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My three year old daughter names all of her toys herself. Based on the names she chooses, you would think she was being raised a bewildered hooker. That may in fact be correct.
When a rep tries to go directly to the clientI’m like
"A man with a briefcase arrives in a place called City-A looking like a double agent from 1973: mustachioed and trenchcoated, forever ducking into phone booths for cryptic conversations. The man, Mr. Holz, is a geophysicist of unknown origin. He has come here to work for the New Method Oil Well Cementing Company. City-A is mesmerizingly bleak, a grid of concrete high-rises set between a brackish sea and a wintry industrial wasteland, all of it reeking of environmental contamination and failed utopia. Many things, Holz notices, are amiss here. Clocks don’t run sixty seconds to the minute in City-A. The drinking water is spiked with lithium, a shadowy entity has confiscated his passport, language is rationed, and what exactly is this New Method Oil Well Cementing Company, anyway? As the bewildered-looking Holz moves through the city, is he piecing together clues to solve these mysteries or just being shuttled around by a powerful unseen force?This, roughly, is the storyline of whiteonwhite:algorithmicnoir, the new film by Eve Sussman and the Rufus Corporation. But because this noir is, as the title promises, algorithmic, the film has no beginning, middle, or end. At each screening, a computer program live-edits a movie out of more than three thousand film clips, eighty voice-overs, and 150 pieces of music. Each of these movable parts is marked with loosely content-related tags (“horizon,” “anxiety,” “white”), and the computer fits the pieces together according to an algorithm that matches tags. Sussman calls this apparatus the “serendipity machine.” Containing more than thirty hours of material, the movie never comes together the same way twice, and it never loops. A small screen to the side runs the metadata of the algorithm while the film plays, reminding viewers that a computer is chugging away busily as they watch, matching “discomfort” tags to “discomfort” tags, “surveillance” to “surveillance.”"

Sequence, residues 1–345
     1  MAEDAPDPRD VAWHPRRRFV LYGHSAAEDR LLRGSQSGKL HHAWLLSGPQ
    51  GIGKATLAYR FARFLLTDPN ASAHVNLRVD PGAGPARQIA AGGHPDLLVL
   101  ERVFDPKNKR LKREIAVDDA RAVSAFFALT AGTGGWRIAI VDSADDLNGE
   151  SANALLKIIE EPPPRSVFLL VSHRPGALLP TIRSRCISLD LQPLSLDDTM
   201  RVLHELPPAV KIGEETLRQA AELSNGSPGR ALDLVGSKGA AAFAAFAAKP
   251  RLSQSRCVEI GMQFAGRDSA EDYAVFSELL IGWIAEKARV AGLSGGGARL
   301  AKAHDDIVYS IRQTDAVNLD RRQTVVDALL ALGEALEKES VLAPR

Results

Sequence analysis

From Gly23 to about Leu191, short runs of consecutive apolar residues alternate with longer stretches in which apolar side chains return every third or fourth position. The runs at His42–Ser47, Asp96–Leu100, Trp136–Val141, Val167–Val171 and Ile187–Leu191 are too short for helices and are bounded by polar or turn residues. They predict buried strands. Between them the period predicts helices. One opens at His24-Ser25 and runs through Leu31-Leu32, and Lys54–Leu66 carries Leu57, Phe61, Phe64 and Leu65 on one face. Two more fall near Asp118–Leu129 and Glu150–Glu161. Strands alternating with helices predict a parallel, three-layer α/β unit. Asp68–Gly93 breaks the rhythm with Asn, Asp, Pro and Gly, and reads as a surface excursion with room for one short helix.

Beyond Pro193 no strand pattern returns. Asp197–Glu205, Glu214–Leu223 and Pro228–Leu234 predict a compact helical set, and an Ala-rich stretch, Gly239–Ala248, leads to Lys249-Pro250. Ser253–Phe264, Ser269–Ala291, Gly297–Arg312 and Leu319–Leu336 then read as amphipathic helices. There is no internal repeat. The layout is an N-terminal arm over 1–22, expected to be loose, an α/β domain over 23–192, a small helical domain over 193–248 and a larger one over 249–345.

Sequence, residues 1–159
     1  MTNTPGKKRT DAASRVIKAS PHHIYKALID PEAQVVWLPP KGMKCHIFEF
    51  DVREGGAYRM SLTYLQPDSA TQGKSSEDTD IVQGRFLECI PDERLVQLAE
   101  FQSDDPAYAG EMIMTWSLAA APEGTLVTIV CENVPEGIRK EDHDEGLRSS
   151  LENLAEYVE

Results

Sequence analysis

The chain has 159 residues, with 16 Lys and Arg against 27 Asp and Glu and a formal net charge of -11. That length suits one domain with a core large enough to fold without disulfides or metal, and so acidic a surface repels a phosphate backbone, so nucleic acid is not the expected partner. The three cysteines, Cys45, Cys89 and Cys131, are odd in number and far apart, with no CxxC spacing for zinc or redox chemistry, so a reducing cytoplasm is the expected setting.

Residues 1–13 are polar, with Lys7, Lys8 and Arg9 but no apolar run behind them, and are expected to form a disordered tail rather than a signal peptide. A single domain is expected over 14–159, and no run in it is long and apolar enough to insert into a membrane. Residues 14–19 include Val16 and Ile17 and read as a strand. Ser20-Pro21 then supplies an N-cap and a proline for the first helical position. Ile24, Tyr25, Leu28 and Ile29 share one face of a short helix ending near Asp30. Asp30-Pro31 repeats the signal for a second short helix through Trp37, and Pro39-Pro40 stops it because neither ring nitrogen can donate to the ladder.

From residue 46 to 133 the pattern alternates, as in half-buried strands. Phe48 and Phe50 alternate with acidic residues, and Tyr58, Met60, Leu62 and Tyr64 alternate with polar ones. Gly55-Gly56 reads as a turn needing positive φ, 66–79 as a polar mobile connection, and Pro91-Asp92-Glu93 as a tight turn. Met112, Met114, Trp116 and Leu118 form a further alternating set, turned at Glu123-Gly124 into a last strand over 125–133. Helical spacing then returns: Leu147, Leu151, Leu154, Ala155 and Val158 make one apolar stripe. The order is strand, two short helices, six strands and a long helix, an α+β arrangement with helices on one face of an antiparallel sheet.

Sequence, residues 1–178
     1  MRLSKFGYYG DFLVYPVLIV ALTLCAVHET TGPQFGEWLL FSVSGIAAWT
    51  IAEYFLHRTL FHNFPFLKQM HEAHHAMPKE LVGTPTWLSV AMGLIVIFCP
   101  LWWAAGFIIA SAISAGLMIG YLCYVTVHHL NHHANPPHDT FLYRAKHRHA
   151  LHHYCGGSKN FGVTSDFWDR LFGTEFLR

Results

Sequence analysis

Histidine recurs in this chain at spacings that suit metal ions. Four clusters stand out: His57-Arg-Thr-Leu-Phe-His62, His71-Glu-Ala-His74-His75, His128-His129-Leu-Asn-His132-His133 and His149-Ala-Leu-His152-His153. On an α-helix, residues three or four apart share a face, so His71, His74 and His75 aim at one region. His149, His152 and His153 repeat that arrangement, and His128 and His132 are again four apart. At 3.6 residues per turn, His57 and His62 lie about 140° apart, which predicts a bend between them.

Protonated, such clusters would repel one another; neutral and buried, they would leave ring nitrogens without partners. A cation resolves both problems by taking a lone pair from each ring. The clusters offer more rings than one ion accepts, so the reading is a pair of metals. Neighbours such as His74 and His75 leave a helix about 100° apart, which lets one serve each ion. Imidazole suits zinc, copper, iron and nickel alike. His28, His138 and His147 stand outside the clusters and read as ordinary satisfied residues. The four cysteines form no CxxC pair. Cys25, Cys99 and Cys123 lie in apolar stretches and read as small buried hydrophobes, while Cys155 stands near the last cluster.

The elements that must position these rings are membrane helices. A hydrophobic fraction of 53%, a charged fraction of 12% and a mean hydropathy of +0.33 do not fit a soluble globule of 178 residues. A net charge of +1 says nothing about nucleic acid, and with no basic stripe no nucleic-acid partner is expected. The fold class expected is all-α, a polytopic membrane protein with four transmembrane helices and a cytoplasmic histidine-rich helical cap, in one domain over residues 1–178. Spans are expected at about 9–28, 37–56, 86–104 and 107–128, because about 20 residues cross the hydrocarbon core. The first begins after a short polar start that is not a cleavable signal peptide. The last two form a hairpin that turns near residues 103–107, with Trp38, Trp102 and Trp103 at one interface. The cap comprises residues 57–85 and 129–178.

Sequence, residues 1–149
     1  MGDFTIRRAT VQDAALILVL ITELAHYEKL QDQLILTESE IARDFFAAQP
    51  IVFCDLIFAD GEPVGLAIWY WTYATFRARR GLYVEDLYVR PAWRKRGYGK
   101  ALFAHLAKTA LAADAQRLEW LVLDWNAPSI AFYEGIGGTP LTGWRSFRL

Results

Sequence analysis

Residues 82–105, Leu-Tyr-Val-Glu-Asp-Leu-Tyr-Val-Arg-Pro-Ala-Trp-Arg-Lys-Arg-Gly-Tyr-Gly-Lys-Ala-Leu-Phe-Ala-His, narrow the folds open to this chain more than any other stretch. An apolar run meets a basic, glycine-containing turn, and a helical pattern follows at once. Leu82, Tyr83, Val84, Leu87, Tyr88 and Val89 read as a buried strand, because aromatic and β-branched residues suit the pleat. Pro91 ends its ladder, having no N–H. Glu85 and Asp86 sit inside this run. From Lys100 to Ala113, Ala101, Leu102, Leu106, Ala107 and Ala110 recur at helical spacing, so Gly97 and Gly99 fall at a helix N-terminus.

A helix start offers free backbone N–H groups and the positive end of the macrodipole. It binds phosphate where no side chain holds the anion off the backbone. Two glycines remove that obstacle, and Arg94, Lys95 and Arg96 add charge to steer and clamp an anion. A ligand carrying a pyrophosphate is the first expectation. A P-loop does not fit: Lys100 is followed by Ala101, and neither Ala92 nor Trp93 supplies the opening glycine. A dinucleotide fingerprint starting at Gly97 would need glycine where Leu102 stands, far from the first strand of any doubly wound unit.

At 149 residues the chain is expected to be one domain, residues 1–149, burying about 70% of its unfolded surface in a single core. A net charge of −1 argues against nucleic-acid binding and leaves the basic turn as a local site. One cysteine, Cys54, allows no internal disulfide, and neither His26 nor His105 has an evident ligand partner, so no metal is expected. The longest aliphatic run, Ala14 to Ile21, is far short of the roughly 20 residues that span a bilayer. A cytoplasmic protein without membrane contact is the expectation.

In my version of heaven, the pearly gates greet me with a giant infographic. I’ll see an entire numerical breakdown of my accomplishments. Millions of dollars earned. Truckloads of popcorn eaten. Miles of toenails clipped.Nicholas Felton’s version of heaven must be pretty similar. He’s the infographic guru behind Facebook’s Timeline. He’s also the self-publisher of the annual Feltron Report, which are staggering visual representations of his own life.